The current technology, doesn’t even get close … so please explain EXACTLY your business and technical plan to move forward, so we can learn from you.

      1. Hi John,

        I am a simple internet user and have no knowledge of how this bandwidth pricing ratio. However looking at your long explained details and a comment just below it by another John that top 10% uses 97% of the bandwidth per month, I did some calculation as below. I am sure that I am missing something and you can correct that.

        Since download speed that ISPs claim about is peak speed and not gauranteed. So I am taking an assumption that ISP can downgrade server for those 10% who consume 97% of bandwidth. Assuming that ISP downgrade their service to get 1 Mbps only and they consume bandwidth 24x7x365 their usage per month is

        30x24x60x60x1 = 2592000 Megabits = 324000 MegaBytes = 316GB

        This using 24x7x365 is definetly not realistic. Realisticlly taking 18 hours usage it turns out to be 237GB. and if downgraded to 768 Kbps it will be 177GB.

        Is it too much to afford for only 10% of customer? And if you downgrade speed I am sure that either they will move out from service (which is good) or will be much restricted to do any harm to other users.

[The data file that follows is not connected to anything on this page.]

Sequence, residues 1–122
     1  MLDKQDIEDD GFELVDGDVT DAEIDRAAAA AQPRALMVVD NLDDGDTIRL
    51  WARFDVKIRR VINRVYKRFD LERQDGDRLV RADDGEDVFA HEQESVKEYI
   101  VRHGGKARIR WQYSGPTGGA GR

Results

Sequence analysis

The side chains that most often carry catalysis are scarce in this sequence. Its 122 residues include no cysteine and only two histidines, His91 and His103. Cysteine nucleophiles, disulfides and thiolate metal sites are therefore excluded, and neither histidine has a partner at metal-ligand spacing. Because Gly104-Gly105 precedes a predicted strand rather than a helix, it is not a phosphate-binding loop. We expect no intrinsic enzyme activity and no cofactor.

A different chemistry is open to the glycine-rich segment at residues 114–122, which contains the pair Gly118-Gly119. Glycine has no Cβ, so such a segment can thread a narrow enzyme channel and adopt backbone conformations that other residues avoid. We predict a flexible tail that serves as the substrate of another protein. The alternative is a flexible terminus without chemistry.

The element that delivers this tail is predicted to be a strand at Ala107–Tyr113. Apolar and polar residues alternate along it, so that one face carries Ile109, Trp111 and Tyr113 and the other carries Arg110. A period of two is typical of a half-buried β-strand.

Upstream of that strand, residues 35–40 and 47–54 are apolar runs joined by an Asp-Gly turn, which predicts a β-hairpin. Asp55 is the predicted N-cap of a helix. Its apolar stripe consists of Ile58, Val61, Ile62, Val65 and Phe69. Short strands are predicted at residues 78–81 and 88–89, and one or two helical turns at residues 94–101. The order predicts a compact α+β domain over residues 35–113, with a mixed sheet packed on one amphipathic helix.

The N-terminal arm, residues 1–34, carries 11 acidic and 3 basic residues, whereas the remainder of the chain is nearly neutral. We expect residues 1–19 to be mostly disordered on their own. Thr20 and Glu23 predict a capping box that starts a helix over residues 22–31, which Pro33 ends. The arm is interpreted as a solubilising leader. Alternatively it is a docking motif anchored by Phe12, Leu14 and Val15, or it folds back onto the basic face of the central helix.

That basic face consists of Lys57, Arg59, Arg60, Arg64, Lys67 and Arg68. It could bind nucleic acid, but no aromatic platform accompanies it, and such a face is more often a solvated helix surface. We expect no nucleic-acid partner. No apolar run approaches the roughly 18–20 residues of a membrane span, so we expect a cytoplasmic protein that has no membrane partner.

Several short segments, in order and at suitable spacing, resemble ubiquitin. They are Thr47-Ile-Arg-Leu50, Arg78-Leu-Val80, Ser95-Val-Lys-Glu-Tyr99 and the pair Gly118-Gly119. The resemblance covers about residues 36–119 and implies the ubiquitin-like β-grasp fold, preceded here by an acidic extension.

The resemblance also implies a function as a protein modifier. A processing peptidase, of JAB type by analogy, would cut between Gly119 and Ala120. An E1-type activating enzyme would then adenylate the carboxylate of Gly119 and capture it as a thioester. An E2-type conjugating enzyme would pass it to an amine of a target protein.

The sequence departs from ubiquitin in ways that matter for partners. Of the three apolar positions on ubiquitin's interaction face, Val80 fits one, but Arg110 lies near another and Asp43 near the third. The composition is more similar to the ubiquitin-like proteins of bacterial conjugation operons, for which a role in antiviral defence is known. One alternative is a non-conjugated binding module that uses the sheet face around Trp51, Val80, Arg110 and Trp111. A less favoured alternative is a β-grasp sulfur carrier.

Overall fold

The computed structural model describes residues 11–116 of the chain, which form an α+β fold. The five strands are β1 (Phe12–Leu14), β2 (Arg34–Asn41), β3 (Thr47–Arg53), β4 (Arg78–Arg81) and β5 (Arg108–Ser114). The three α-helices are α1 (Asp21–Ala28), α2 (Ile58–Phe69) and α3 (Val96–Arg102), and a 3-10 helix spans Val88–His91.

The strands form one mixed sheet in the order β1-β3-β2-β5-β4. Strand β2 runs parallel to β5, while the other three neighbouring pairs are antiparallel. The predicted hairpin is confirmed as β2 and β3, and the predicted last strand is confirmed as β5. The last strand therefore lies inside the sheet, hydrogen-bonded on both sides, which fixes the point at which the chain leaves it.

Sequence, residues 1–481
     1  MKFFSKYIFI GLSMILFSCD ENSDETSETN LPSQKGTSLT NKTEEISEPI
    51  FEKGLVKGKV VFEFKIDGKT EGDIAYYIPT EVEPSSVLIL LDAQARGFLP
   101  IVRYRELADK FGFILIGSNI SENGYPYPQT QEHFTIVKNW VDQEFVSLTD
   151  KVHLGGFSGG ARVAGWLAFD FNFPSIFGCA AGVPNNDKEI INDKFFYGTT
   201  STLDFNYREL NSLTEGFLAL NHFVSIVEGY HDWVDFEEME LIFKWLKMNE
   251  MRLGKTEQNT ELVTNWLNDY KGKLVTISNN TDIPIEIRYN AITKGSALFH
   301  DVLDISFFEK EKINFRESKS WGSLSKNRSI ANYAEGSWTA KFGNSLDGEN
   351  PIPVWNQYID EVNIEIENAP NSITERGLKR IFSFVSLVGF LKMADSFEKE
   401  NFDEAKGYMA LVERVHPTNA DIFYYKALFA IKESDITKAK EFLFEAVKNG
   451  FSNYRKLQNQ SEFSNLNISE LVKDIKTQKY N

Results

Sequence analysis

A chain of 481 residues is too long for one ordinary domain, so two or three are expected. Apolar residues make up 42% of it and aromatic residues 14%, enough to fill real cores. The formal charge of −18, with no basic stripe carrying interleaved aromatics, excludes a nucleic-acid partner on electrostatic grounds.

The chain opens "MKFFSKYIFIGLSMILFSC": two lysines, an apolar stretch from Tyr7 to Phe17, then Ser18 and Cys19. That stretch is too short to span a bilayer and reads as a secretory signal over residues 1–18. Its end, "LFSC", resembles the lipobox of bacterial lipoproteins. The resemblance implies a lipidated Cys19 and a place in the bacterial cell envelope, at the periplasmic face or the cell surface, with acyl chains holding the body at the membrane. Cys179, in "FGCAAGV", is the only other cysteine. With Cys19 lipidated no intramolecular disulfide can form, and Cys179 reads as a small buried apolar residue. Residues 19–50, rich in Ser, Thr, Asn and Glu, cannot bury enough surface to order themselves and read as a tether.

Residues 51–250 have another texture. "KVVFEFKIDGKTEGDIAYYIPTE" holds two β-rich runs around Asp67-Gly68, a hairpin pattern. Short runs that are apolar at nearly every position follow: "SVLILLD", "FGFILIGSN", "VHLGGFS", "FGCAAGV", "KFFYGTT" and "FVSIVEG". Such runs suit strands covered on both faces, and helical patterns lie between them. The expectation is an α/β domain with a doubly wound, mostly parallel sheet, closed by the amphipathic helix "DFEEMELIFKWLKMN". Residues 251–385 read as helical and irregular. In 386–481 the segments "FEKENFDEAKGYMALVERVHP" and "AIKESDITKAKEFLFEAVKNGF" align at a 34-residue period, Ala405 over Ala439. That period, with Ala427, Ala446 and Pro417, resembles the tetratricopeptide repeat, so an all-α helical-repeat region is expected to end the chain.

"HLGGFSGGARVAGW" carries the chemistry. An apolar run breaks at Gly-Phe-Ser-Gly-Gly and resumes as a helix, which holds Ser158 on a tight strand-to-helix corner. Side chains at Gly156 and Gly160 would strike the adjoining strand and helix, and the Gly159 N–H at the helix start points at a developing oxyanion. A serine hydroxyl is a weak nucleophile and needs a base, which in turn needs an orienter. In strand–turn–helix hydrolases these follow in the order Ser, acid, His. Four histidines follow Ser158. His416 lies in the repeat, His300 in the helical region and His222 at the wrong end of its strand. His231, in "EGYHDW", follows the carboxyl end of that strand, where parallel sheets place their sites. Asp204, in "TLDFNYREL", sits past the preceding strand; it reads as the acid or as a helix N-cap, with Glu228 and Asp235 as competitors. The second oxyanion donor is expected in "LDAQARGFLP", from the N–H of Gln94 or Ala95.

I believe it may not be as simple as that otherwise you big experience guys would have done it by now.

      2. I forgot to add that if such strategy is implemented by all ISPs those 10% will be forced to change their habits and 90% users will get fair share

      3. Hi Vipin,

        The problem is how to provide this bandwidth in the service window from 3pm to 11pm, where each family can have one or more independent video on demand sessions.

        As we have learned, when high rate users have their netflix and utube breakup, they start complaining about throttling. So if this level of bandwidth for video on demand must be supported inside the basic $30/mo service plan, then the network must be designed to handle it concurrently for a high percentage of the customers off a local last mile node. Current networks are designed for 3% to 6% of customers to stream video or game at this rate, realistically with the market shift, the network would need to handle 80% to 90% of the homes at this rate.

        The reasons are simply cost based. If cable video and satellite video at $20-50/mo can be had for free over the internet, or at a lower cost, then there will be a migration of customers off cable video and satellite video to IP based internet services. More than 25% migration, will seriously impact the profit margins of cable video and satellite video providers, causing fee increases, that will accelerate the transition rate, and ultimately the failure of cable video and satellite video services.

        The two factors here that need to be examined are can the internet completely replace the cable video and satellite video markets at a lower cost, and is this the best use of technology. The short answer to both is no.